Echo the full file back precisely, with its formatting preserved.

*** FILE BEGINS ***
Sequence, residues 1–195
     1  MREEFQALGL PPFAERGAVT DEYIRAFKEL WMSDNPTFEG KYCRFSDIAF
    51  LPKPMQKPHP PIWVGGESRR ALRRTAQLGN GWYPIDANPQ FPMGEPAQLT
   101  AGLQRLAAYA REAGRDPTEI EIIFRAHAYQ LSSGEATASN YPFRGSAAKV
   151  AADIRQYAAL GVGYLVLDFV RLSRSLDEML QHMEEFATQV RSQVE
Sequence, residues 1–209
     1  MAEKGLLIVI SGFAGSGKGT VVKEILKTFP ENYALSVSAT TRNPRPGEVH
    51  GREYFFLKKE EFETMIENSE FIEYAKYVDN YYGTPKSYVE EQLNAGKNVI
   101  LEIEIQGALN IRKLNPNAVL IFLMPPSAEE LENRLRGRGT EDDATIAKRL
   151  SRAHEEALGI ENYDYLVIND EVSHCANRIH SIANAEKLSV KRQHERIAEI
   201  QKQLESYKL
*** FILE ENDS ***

Sequence, residues 1–195
     1  MREEFQALGL PPFAERGAVT DEYIRAFKEL WMSDNPTFEG KYCRFSDIAF
    51  LPKPMQKPHP PIWVGGESRR ALRRTAQLGN GWYPIDANPQ FPMGEPAQLT
   101  AGLQRLAAYA REAGRDPTEI EIIFRAHAYQ LSSGEATASN YPFRGSAAKV
   151  AADIRQYAAL GVGYLVLDFV RLSRSLDEML QHMEEFATQV RSQVE
Sequence, residues 1–209
     1  MAEKGLLIVI SGFAGSGKGT VVKEILKTFP ENYALSVSAT TRNPRPGEVH
    51  GREYFFLKKE EFETMIENSE FIEYAKYVDN YYGTPKSYVE EQLNAGKNVI
   101  LEIEIQGALN IRKLNPNAVL IFLMPPSAEE LENRLRGRGT EDDATIAKRL
   151  SRAHEEALGI ENYDYLVIND EVSHCANRIH SIANAEKLSV KRQHERIAEI
   201  QKQLESYKL